In this guest post, UC Press author Joy H. Calico shares the origin story behind her new book, Arnold Schoenberg’s A Survivor from Warsaw in Postwar Europe. Calico was recently interviewed by the BBC’s Music Matters about her book and what the reception of Schoenberg’s work tells us about cultural attitudes.
Guest post by Joy H. Calico
I was writing about Jüdische Chronik, a collaborative piece by composers from both East and West Germany from 1960-61. I had the distinct impression that it was strongly influenced by Arnold Schoenberg’s A Survivor from Warsaw (1947), but could find no evidence of a link in composers’ archival sources. Reviews of its premiere in 1966 did not make the connection either, and I began to wonder: just how well-known was Schoenberg’s Holocaust cantata in postwar Europe?
I contacted the Arnold Schoenberg Center in Vienna, and was told that they did not have systematic records of performances that postdated the composer’s death in 1951. I combed through archival holdings for Schoenberg’s widow as well as the publisher’s records, and began to piece together a story, based on surviving documentation, for its performance and reception history in Europe between 1948 and 1968.
Before I knew it, the footnote had taken on a life of its own.
Here’s why: A Survivor is a very short piece about the Holocaust, written by a Jewish composer who was born in Vienna and self-identified culturally as German but emigrated to become an American citizen, a composer who had been both idolized and reviled as a pioneer of the twelve-tone compositional method.
In other words, this piece had everything – everything, that is, that might provoke a reaction in postwar Europe. And provoke it did. I began to conceive of A Survivor as the canary in Europe’s cultural-history coal mines during the early Cold War (1948-1968). In this interview with BBC Radio 3 for the show Music Matters Tom Service calls it a Rosetta stone (I wish I had thought of that!). [Service sets up the interview with this reference at 15’40” – 17’56”]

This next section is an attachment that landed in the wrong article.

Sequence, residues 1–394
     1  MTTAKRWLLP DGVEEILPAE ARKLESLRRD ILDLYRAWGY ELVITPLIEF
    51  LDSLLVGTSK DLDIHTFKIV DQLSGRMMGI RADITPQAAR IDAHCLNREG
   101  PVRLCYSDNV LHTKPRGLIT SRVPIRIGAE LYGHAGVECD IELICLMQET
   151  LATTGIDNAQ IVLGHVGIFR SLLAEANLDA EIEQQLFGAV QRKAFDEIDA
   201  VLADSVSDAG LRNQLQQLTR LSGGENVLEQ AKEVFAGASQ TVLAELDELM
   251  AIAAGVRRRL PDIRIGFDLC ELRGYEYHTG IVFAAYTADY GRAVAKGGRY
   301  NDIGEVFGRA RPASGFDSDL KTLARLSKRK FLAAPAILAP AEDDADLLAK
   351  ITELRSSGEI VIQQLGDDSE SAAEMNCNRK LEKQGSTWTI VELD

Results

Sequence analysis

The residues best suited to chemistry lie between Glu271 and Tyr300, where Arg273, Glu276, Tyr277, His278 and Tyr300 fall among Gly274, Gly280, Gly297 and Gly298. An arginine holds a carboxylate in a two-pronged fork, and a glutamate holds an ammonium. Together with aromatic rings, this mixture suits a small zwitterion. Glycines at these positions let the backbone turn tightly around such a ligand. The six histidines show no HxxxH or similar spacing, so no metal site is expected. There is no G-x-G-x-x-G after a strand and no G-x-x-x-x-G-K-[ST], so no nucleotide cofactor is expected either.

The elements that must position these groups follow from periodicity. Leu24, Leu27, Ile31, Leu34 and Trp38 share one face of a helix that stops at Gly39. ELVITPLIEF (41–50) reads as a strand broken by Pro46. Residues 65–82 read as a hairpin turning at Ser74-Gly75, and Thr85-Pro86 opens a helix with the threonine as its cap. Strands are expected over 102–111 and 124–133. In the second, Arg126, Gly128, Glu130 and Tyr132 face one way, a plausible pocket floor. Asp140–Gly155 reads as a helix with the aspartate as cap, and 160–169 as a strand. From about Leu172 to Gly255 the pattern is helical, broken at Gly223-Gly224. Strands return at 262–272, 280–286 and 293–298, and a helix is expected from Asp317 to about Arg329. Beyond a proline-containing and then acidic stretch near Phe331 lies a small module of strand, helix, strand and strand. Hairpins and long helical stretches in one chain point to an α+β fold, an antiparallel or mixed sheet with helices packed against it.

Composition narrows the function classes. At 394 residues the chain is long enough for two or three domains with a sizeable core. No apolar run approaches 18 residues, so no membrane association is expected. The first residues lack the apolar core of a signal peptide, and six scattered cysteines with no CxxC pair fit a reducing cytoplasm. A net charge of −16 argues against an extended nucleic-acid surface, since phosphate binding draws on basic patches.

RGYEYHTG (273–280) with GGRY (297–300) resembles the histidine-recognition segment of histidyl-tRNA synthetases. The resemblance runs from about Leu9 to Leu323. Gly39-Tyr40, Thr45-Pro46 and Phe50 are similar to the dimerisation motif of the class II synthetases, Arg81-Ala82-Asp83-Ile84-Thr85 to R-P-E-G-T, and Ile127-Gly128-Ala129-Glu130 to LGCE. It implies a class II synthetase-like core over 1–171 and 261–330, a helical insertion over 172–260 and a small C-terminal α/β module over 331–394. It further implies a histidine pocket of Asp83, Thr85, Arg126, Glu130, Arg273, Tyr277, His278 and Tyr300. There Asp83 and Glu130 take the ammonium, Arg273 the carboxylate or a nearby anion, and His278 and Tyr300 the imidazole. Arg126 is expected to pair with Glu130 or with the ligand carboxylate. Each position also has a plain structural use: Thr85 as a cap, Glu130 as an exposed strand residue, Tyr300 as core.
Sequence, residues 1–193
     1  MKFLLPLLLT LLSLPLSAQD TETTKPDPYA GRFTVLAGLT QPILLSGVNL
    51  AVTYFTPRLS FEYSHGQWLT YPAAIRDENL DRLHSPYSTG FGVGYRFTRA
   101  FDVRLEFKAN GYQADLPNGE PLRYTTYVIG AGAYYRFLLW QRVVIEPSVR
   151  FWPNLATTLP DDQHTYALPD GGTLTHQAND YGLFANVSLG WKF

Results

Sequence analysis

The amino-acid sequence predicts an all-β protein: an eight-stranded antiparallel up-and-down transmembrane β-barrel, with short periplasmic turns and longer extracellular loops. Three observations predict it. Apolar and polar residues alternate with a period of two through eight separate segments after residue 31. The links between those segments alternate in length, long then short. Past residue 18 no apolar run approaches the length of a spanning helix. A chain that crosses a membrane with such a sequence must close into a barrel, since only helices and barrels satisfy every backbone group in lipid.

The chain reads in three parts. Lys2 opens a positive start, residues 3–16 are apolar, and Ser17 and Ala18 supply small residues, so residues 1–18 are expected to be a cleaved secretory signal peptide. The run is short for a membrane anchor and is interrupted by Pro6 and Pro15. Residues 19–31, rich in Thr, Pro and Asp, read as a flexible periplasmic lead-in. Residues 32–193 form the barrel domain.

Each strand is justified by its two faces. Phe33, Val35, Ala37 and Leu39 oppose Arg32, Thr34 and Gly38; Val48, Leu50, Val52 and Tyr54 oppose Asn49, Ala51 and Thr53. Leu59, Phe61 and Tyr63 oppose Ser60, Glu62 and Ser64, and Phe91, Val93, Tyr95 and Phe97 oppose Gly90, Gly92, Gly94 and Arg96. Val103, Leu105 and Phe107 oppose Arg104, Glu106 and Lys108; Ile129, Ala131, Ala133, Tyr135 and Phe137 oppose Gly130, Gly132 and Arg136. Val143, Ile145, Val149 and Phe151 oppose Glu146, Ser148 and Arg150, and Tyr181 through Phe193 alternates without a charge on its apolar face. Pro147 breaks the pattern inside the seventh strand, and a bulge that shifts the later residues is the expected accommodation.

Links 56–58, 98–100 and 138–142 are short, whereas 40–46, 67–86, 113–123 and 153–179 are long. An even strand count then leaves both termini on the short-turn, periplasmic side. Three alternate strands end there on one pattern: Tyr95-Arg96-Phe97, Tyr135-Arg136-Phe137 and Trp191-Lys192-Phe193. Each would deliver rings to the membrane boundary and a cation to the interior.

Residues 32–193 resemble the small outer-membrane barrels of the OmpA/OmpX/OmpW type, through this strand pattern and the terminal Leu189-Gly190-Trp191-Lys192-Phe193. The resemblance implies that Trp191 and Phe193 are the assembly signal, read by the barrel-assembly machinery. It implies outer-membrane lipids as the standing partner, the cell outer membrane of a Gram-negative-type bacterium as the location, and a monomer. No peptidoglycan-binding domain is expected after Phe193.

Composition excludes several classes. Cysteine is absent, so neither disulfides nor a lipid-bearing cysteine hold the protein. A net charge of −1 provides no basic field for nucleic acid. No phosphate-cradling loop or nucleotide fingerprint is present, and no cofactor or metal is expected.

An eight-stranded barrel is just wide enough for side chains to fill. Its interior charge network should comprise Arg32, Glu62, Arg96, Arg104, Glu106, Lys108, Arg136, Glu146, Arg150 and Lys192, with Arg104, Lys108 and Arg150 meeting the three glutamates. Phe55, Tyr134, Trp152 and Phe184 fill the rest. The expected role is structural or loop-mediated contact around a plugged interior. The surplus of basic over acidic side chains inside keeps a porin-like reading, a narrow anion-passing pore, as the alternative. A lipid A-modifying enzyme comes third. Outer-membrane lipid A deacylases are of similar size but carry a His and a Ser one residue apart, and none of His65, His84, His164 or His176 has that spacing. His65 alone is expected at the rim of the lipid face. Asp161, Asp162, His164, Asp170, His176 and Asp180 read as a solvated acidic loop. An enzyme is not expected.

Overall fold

I reconstructed six micro-histories: two from the west (West Germany, Norway), three from the Soviet bloc (East Germany, Poland, Czechoslovakia), and one politically neutral (Austria). To paraphrase Tolstoy, all postwar European contexts share similarities but each one also has its own unique and fascinating story to tell. [17’58” – 23’48”] Questions about both the aesthetics and the ethics of A Survivor have dogged the work since its premiere, and conductors often attempt to mediate those issues through programming decisions. [23’49” – 27’12”]
The BBC’s Service, musicologist Paul Griffiths and I also discussed the cultural work A Survivor is doing in the United States nowadays. George Takei, famous Star Trek actor and queer icon, has recently begun performing the role of the narrator (the survivor). I read this as a distinctly American take on the work: Takei was imprisoned with his family in Japanese-American internment camps from 1942-45. That experience gives him a particularly American type of twentieth-century survivor credential that informs his performance and audience response to it. [27’13” – 28’05”]
A Survivor is still provocative nearly seventy years on. Some might attribute this to intrinsic artistic merit. I am inclined to read it as an indication that many of the nerves laid bare after WWII did not heal or lose their sensitivity during the Cold War; they remain exposed in its aftermath as well.
Joy H. Calico is Associate Professor of Musicology and Director of the Max Kade Center for European and German Studies at Vanderbilt University and the author of Brecht at the Opera (UC Press).